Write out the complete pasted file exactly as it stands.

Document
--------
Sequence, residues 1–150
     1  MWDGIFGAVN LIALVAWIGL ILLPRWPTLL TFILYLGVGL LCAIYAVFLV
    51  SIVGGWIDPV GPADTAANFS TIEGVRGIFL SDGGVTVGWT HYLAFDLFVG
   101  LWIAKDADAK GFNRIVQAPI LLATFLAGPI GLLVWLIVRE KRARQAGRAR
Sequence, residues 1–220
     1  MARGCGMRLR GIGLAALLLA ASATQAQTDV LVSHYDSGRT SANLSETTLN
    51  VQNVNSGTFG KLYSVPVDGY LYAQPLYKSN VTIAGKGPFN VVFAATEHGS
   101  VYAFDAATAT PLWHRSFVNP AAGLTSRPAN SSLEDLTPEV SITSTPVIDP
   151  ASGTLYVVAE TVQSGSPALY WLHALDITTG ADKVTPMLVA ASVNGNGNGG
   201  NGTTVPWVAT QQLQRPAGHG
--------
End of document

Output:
Sequence, residues 1–150
     1  MWDGIFGAVN LIALVAWIGL ILLPRWPTLL TFILYLGVGL LCAIYAVFLV
    51  SIVGGWIDPV GPADTAANFS TIEGVRGIFL SDGGVTVGWT HYLAFDLFVG
   101  LWIAKDADAK GFNRIVQAPI LLATFLAGPI GLLVWLIVRE KRARQAGRAR
Sequence, residues 1–220
     1  MARGCGMRLR GIGLAALLLA ASATQAQTDV LVSHYDSGRT SANLSETTLN
    51  VQNVNSGTFG KLYSVPVDGY LYAQPLYKSN VTIAGKGPFN VVFAATEHGS
   101  VYAFDAATAT PLWHRSFVNP AAGLTSRPAN SSLEDLTPEV SITSTPVIDP
   151  ASGTLYVVAE TVQSGSPALY WLHALDITTG ADKVTPMLVA ASVNGNGNGG
   201  NGTTVPWVAT QQLQRPAGHG